Workers' compensation fraud costs insurers and businesses billions of dollars each year nationwide. This report focuses on the intentional manipulation of rules and procedures by providers of health care services and supplies.
The Affordable Care Act's expansion of coverage for people under age 26 led to a 1-percent reduction in uninsurance, equating to a 0.8-percent decrease in workers' compensation claim frequency, and a roughly 1-percent decrease in overall claim costs.
Workers' compensation reforms (Senate Bill 863) have likely increased wage replacement rates for permanently disabled Californians by 21.4 percentage points since 2012. The bill is helping to offset the recession's lasting effects on earnings losses.
Following California's major reforms to the state workers' compensation system, RAND researchers assess trends in earnings loss and permanent partial disability benefits before the reforms, as well as how the reforms might affect injury compensation.
This report supports the California Division of Workers' Compensation's efforts to establish a drug formulary by comparing existing workers' compensation formularies and analyzing options for designing and implementing the formulary.
This report summarizes the proceedings of a colloquium to elicit input from key occupational safety and health and workers' compensation stakeholders to help the Center for Workers' Compensation Studies maximize the impact of its research activities.
The California Department of Industrial Relations/Division of Worker's Compensation asked RAND to help develop a fee schedule for home health services provided to injured workers. The researchers made three sets of recommendations.
With the Terrorism Risk Insurance Act set to expire this year, Congress is currently revisiting a crucial question: What is the appropriate government role in terrorism insurance markets? As the debate unfolds on Capitol Hill, policymakers should consider three key research findings.
Analyzing requirements for ambulatory surgical centers and Medicare coverage criteria for ASC services, authors examine whether common workers' compensation inpatient procedures should be added to California's Official Medical Fee Schedule for ASCs.
Without TRIA in place, employers perceived to be at high risk for terrorism might have to obtain workers' compensation coverage in markets of last resort, known as residual markets, which could charge higher premiums.
An examination of the impact of implementing a resource-based relative value scale to pay for physician and other practitioner services under the California workers' compensation system finds in the aggregate across all services, allowances are projected to increase 11.9 percent.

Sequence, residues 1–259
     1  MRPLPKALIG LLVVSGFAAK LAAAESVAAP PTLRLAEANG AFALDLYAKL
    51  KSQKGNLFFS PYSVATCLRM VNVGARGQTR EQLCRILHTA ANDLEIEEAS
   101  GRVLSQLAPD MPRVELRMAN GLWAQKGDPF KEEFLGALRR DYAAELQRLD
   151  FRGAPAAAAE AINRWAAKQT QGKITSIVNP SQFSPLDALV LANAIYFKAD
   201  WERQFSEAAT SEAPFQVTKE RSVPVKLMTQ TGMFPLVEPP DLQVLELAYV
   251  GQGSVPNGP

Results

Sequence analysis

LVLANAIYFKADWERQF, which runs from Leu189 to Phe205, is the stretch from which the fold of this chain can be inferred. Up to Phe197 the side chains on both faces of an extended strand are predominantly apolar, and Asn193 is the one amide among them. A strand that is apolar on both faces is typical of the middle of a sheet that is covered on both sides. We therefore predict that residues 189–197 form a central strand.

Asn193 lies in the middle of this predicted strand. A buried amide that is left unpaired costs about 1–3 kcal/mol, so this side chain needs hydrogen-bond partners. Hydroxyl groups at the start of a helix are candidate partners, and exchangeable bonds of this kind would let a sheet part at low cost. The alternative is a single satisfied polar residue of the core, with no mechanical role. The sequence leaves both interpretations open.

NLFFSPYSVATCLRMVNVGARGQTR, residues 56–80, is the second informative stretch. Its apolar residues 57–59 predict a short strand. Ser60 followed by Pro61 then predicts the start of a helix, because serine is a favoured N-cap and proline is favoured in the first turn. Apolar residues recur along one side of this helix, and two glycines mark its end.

As more Americans become newly covered under the ACA, the cost of providing automobile insurance, workers compensation, and homeowners insurance may decline. But an increase in the number of people using the health care system may trigger an increase in the number of medical malpractice claims.
As more Americans become newly covered under the Affordable Care Act, the cost of providing automobile insurance, workers compensation, and homeowners insurance may decline. Meanwhile, an increase in the number of people using the health care system may trigger a corresponding increase in the number of medical malpractice claims.
Summarizes a report that identifies potential mechanisms through which health care reform might affect claim costs for several major types of liability coverage, especially auto insurance, workers’ compensation coverage, and medical malpractice.
A new California program would provide supplemental payments to injured workers whose permanent disability benefits are disproportionately low compared to their earnings loss. This report makes recommendations about implementation of this program.
Comparisons are already being drawn between Monday's terrible events in the Washington Navy Yard and other recent high profile mass shootings. However, one way in which this shooting may differ from other events is in who — if anybody — provides financial compensation for those who are injured.
Many state workers' compensation systems face significant challenges as medical and administrative costs have risen. California sought RAND advice in improving its system to save both public and private funds, while also improving the quality of care for injured workers.